Silly School Stories

There are some writers who excel at what I call ‘slapstick writing’ – the sort of silliness that ties the reader in knots, makes them laugh out loud, then chortle delightedly, and declare the story ‘nonsense’ in the best possible way.

Two school stories for you this week, which are ludicrously ridiculous. But, deep down, underneath all the mayhem, there lurks a subtle dig at our education system.

uncle gobb

Firstly, Michael Rosen’s Uncle Gobb and the Dread Shed, illustrated by Neal Layton.

Malcom’s school tries to make anything that could be remotely interesting appear boring, and has a penchant for worksheets, particularly the ‘filling in the gap’ kind. His Uncle Gobb (who lives with him) has a soft spot for homework, and when Malcolm doesn’t give the correct answers, or even ask the correct questions, Uncle Gobb decides to place Malcolm and his friend in the Dread Shed as a punishment.

But Malcolm is already querying why his uncle has his name stamped all over the school worksheets, and when a genie appears, and then another, and the way out of the Dread Shed is found simply by opening the door, things start to become even more peculiar. Add in some chocolate bars, chapters that go nowhere, and wacky illustrations, and suddenly you have a book of nonsense, with a subtle rebellious message about schemes of learning, and a book that elicits giggles at every opportunity.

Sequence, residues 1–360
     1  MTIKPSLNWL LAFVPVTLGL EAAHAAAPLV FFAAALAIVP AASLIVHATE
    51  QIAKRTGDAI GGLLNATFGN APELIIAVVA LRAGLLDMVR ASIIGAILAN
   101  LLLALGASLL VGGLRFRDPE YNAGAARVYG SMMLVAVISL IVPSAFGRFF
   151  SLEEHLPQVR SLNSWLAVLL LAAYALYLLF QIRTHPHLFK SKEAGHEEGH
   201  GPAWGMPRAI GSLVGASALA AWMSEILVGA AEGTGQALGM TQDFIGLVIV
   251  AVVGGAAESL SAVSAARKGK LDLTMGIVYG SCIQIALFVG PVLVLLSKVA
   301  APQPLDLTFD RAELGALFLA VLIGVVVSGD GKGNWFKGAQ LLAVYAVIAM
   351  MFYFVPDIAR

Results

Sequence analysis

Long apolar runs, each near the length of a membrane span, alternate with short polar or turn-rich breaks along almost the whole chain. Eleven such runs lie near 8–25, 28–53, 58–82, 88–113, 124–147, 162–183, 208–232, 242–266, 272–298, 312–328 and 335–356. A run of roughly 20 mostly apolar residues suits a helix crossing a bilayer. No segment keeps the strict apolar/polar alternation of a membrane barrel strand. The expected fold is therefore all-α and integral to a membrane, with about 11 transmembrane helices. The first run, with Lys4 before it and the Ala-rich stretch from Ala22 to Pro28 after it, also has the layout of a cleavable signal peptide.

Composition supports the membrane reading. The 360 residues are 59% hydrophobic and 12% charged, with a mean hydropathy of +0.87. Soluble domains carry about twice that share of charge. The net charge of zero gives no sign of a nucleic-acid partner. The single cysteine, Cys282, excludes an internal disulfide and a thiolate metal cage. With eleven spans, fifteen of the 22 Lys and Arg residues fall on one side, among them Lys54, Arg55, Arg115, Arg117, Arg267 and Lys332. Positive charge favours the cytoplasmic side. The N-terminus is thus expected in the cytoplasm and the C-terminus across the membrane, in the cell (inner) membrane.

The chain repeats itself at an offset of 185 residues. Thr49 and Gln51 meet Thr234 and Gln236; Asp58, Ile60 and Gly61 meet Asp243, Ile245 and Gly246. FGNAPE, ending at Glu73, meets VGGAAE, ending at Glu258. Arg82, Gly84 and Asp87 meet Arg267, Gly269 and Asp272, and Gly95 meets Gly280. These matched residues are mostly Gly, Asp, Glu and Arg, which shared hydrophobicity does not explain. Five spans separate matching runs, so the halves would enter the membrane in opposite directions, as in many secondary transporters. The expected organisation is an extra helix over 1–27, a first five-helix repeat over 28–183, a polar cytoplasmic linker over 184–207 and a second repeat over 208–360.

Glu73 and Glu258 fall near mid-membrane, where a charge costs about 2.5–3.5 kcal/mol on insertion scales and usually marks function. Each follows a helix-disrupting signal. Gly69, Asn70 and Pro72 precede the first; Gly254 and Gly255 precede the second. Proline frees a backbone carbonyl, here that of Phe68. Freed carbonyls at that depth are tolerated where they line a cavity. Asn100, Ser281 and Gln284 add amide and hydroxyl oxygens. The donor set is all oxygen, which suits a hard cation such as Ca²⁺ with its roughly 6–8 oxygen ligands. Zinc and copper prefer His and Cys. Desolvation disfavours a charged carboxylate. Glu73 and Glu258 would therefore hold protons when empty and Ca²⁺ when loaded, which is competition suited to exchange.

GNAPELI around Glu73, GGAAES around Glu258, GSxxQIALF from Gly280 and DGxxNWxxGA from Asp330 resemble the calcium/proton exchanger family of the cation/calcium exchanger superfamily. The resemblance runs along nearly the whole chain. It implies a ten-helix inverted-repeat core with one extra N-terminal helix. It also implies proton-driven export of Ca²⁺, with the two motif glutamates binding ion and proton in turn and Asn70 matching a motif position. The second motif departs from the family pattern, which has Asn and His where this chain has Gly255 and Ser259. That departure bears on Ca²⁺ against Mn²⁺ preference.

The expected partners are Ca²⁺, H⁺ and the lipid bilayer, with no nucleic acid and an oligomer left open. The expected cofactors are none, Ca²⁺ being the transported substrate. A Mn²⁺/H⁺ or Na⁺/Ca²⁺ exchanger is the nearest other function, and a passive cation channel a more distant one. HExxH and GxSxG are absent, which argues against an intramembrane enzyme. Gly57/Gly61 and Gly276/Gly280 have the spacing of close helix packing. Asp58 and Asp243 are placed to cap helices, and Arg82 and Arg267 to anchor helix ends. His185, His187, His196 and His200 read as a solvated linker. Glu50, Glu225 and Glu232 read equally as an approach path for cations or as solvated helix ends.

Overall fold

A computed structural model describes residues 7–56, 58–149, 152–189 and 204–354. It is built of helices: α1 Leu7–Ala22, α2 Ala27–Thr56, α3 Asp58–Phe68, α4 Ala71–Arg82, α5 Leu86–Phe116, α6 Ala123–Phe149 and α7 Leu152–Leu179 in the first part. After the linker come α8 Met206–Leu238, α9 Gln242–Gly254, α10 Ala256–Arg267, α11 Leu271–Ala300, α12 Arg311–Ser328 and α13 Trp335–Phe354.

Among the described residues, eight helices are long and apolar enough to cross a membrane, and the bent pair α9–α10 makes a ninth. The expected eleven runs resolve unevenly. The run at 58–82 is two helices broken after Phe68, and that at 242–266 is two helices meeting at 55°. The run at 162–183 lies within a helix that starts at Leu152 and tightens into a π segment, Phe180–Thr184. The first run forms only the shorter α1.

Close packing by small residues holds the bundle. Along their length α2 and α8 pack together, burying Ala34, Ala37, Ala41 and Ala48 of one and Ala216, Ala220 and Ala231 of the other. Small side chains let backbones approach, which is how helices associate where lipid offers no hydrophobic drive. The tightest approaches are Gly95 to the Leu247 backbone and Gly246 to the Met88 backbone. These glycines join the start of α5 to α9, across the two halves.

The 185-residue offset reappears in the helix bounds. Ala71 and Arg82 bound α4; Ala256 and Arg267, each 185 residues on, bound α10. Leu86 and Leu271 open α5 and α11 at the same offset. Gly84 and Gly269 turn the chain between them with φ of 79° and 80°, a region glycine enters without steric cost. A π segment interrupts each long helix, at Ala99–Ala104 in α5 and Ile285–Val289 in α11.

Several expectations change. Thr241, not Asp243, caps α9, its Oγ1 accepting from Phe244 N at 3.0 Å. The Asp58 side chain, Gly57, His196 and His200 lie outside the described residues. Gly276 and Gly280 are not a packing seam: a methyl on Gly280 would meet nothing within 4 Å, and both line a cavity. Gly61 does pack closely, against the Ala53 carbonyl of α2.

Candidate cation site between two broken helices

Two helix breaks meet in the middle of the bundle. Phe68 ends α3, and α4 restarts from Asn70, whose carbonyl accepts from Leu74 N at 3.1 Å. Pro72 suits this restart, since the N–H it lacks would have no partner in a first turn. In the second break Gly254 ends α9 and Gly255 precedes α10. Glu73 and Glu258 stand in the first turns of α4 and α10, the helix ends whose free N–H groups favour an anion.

Michael Rosen’s casual approach is brilliant – there are blank chapters, barmy explanations of non-fiction, plays on words, and references to writers and readers, and he even points out the central conflict in his book with capital letters. Neal Layton executes his illustrations in perfect tune with the text – messy, humorous, nonsense. A laugh a minute book for 6+ years. Click here to purchase.

mad iris

Or you could visit Puddling Lane Primary, the scene of Jeremy Strong’s Mad Iris series. Jeremy Strong was himself a headmaster, so there’s an added pathos and depth reading his school stories, a truth running through the middle. Like Michael Rosen, Jeremy manages to poke enormous fun at education – in Mad Iris and the Bad School Report by Jeremy Strong, illustrated by Scoular Anderson, it is the school inspectors who take the brunt.

Pudding Lane Primary has a mascot on the grounds – the ostrich Mad Iris. But Ross and Katie have to keep her under control because not only is there a new boy who is allegedly allergic to ostriches, but also the Ofsted inspectors are visiting.

Jeremy Strong is particularly good at naming his characters, from Mrs Fretting to Miss Cactus, and the dialogue is spot on too. He also likes to poke fun at the school system – when the inspectors ask one of the teachers for the point of the lesson, she answers that she thought the children might enjoy it. The ensuing horror from the lead inspector is terrifically written.

There’s a huge amount of humour running through the story, from the relationships between fellow pupils, to those between pupils and staff, and lots of slapstick mayhem with the ostrich. Kids will fall about laughing – with Jeremy Strong it’s pretty much guaranteed. This book is also superbly illustrated throughout in black and white. Published by Barrington Stoke, it’s suitable for dyslexics, but will appeal to anyone from age 7+ years. Buy it here.